Death doesn’t have the last word

As I was writing last week, my wife’s mother was dying.

She died Sunday morning, at 95, after a long and full life. It was a good death, to use an unfortunately old-fashioned phrase, but death is still death.

One effect, as many of you will understand, is to make me think more about death and those I loved who have died, like my father. (One blessing of writing is that you can pay tribute. Here’s my reflection on his death.)

The death of a loved one is one of those extreme moments that put human disagreements in context, even the deep differences between now divided Christians. My parents started going to church and settled in conservative Protestant churches.

I started going to church and moved in the other direction, first to Episcopalianism and then into the Church. Now that I’m older, I see that there’s less difference in the places we finished than either of us thought, looking at the other’s choice with the zeal of converts. But not no difference.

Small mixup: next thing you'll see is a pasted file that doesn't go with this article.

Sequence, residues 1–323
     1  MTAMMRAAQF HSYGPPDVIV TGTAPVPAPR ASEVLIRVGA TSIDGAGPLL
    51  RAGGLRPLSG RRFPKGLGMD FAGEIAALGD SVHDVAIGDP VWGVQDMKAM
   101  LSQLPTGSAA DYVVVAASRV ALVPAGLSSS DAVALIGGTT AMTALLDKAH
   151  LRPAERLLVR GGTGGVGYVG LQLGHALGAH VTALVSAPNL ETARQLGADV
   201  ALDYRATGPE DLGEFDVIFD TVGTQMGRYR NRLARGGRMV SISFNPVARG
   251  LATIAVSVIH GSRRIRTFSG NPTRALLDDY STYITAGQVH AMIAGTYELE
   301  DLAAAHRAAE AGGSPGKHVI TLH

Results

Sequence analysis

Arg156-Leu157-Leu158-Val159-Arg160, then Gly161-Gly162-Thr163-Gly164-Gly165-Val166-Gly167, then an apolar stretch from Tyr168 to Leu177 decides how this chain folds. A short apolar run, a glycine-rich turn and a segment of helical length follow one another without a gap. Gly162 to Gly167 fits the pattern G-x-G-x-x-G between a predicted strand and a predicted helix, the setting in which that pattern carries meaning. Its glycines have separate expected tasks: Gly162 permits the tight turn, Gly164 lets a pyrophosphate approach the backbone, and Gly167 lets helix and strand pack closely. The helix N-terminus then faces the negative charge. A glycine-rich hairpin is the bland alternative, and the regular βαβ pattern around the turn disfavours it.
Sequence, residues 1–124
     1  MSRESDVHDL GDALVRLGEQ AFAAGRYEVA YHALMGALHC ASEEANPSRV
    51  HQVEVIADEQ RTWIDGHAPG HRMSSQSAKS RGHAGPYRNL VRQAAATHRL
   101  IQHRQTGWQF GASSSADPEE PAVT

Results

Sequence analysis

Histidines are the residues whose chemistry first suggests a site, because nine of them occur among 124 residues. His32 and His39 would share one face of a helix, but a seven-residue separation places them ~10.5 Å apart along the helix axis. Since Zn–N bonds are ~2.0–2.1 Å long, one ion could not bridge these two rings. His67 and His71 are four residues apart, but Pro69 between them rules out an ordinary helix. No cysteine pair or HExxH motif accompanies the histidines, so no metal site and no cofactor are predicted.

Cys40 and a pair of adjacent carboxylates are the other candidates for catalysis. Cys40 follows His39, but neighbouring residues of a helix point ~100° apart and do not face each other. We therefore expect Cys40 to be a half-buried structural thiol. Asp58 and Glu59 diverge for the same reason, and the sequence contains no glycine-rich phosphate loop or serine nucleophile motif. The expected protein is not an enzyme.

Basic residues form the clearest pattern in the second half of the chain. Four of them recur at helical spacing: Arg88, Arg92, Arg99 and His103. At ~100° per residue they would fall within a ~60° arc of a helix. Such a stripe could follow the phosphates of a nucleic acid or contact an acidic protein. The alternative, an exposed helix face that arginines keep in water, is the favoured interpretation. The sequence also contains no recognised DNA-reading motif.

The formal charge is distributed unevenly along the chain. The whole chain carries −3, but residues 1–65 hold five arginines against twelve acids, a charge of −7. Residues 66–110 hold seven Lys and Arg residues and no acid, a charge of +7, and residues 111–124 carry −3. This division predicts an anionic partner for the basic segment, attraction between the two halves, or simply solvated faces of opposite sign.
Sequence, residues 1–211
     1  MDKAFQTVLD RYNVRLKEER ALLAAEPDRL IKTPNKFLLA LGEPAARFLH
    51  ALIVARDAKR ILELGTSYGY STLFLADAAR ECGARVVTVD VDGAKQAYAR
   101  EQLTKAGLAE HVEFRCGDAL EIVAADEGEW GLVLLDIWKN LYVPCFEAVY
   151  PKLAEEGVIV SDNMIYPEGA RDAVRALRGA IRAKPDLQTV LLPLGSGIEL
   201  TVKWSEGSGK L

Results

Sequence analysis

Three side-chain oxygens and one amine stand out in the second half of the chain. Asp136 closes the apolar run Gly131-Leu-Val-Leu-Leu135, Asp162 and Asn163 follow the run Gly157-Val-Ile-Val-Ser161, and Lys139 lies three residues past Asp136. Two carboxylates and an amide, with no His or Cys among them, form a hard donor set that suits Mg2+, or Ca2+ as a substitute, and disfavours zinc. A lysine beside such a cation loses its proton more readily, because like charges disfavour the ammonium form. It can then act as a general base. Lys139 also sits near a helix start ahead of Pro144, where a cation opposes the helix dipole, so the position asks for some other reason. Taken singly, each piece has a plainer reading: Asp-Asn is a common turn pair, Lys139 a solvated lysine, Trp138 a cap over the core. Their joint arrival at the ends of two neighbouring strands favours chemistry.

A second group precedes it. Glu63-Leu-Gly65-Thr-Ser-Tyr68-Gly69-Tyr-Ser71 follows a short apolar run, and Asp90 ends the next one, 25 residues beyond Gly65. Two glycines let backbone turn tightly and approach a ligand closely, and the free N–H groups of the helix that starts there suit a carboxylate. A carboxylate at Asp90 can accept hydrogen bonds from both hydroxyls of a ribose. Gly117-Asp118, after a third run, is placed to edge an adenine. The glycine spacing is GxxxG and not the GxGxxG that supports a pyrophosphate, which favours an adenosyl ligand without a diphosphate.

Their last church was the classic New England Congregationalist church: white clapboard, tall clear windows, and steeple, and inside a pulpit on a raised platform with a table (a kind of vestigial altar) on the floor in front of it.

Besides the flowers always set on the table, the church had no decoration on its white walls. There was not even a cross to be seen.

For my father’s funeral, the pastor had put a picture of him on the table, and with his face surrounded by the professional photographer’s light blue background, it looked like an icon.

Emmanuel had also put flowers either side of the picture. They had been close friends. Continue reading

  • David Mills, former executive editor of First Things, is a senior editor of The Stream, editorial director for Ethika Politika, and columnist for several Catholic publications. His latest book is Discovering Mary.


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